New years’ celebrations have always been a bit anticlimactic in my mind. I’ve never celebrated the incrementing of that last digit of the date by one. The transition of 1999 to 2000 was celebrated by me being in bed with flu. There are often too many expectations that come with moving from the end of one year to the start of the next. I’ve never really understood why, in my mind it’s just the start of another day. All the problems that existed on the 31st December are still there on the 1st January, as is everything else.
I’ve never made new year’s resolutions, they never last, the start of a new year is not incentive enough for me to make any major changes in my life. The expectations I have at any one time are not affected by the date, only by my own mental state.
The year 2017 included many expectations, not triggered by that last digit, but by events. The biggest one perhaps being that Eldest started school. My expectation of that was that he would struggle with many elements, not academically, but socially. I expected him to find it hard to make friends, to not really ‘get’ many of the complex aspects of playground politics. I expected him to dislike school as a result. I was wrong.
Instead of my expectations being met, I have been happily surprised, he’s flourished at school. His self-confidence has built up, and he is nowhere near as attention driven as he was. His teacher has commented that he has become less ‘clingy’ (she hated using that word, but it is one we used to describe him to her when we met her) as time has gone on. We noticed the same thing at home, he is far more likely to get on with things on his own, to play nicely without need for attention. He still loves to get attention, but he doesn’t seem to ‘need’ it in order to function like he used to. A positive outcome, and one I hope he continues to build on.
For Youngest I fully expected to have to engage a health professional to help him with his speech. He wasn’t talking much, he was mumbling and wasn’t understandable even to us. Again, I was wrong. Since the middle of the year his speech has improved every day. Even those tricky ‘L’ sounds are now being pronounced fluently without thought. He no longer says ‘peas’ but ‘please’. He no longer goes to ‘paygoop’ but ‘playgroup’. He has come a long way in his communication, and his overall demeanour has improved as a result. He still isn’t ready for school as scheduled in September, but 9 months is a long time when you’re his age, and if his behaviour continues to improve in that time as it has in the last 6 months then he will be.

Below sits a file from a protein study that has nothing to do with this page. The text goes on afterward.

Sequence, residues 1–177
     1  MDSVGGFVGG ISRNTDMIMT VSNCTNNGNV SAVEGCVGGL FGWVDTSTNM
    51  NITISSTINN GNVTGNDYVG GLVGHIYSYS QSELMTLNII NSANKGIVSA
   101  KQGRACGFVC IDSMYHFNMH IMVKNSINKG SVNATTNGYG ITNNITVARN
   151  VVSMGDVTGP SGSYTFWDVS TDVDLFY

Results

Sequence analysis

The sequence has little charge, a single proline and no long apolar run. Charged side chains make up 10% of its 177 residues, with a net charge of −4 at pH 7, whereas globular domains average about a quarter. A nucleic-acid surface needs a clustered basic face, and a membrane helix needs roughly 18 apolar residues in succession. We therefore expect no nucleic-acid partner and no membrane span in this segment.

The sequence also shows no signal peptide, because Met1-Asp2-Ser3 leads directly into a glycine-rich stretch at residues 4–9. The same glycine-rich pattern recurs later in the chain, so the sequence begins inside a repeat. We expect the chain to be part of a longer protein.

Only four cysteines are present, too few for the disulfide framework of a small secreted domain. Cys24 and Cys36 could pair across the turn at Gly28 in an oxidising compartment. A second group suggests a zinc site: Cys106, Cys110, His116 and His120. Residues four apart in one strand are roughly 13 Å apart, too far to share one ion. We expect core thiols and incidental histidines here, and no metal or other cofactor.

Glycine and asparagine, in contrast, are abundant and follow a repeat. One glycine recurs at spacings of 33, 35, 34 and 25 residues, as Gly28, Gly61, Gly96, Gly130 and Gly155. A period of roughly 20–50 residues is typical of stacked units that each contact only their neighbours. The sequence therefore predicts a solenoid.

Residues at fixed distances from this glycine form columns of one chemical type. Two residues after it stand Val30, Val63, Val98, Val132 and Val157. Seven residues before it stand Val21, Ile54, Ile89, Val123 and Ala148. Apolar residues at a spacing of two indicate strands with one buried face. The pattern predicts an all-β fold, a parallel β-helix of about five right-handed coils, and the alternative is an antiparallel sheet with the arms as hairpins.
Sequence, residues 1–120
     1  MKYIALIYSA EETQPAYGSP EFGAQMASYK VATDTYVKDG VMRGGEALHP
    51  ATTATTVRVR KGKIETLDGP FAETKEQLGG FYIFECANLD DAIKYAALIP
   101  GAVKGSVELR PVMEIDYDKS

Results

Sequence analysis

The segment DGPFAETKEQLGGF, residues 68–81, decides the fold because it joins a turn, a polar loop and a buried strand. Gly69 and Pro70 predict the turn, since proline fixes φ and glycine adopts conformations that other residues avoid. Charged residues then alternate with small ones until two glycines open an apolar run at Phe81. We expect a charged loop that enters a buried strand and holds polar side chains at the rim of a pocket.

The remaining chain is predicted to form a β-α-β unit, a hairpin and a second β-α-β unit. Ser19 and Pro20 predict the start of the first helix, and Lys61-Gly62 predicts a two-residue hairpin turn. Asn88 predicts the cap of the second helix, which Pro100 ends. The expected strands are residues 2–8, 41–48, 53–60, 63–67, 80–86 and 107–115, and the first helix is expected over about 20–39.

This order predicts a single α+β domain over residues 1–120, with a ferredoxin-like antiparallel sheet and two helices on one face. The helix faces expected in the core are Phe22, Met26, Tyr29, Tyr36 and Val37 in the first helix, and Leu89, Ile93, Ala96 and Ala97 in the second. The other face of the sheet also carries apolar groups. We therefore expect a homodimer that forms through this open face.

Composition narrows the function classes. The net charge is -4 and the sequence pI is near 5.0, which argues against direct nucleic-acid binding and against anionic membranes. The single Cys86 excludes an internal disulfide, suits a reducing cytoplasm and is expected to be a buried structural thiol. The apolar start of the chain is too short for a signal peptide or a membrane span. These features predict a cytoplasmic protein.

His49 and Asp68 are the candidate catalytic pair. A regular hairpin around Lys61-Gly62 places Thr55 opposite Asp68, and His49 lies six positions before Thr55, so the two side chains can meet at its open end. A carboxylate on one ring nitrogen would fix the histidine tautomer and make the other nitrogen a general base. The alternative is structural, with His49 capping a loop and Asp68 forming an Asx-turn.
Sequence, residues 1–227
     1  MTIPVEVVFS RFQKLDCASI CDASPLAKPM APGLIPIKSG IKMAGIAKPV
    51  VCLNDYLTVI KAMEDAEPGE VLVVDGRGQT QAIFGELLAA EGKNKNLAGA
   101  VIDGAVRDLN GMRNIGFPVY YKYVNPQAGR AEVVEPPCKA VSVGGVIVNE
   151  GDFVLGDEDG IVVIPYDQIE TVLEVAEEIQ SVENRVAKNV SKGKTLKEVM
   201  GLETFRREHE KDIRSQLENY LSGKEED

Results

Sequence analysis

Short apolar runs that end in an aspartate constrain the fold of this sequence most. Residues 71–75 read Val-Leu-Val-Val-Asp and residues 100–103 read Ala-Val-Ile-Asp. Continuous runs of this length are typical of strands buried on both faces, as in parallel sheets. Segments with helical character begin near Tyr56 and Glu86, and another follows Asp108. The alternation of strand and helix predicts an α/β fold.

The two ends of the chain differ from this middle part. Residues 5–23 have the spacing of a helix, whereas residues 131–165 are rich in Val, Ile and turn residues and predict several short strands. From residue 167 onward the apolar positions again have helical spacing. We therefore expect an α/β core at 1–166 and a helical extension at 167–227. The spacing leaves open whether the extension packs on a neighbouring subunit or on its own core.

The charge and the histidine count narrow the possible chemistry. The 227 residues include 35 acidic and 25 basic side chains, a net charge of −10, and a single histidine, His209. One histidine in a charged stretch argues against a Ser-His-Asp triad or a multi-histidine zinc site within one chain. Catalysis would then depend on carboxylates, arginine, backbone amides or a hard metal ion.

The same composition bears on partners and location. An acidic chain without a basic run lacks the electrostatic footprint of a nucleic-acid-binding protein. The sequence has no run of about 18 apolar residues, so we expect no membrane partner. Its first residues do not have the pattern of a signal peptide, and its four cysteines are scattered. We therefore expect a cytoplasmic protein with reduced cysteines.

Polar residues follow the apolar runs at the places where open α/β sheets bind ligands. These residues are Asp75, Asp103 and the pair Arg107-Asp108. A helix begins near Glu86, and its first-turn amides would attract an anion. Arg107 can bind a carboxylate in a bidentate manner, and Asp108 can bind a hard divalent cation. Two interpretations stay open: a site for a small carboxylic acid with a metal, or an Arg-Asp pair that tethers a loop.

My expectations surrounding my children are often driven by my parental worry. I seem to like to prepare for worst case scenarios rarely hoping that they won’t occur, but being pleasantly surprised when they don’t. I think I need to try to stop doing that, but it’s difficult and knowing their traumatic start in life makes me read into situations things that other parents wouldn’t. I do have to be vigilant in case those scenarios we were warned about pre-adoption come into play, it’s an added stress that I don’t really need, but that’s the nature of adoptive parenting.
I don’t currently have many expectations for 2018, at the moment life is a bit of a routine driven plod. Sometimes a slog. But there are a few things happening this year that I have expectations about, Youngest’s start of school being one of them and again it is a worst case scenario. The expectations and worries are very different to those I had for Eldest, but we will deal with them in a similar way, through communication with the school from the earliest possible stage.
Realistically 2018 will be no more positive or negative than 2017 was. Things will happen that are better than I expect and other things will happen that are worse. I hesitate to say this because my brain rebels against that kind of lack of control, but at the moment, in the mental state that I currently have I will say it and I need to keep it in mind:
What will be, will be.
Title Image: unsplash-logoNordWood Themes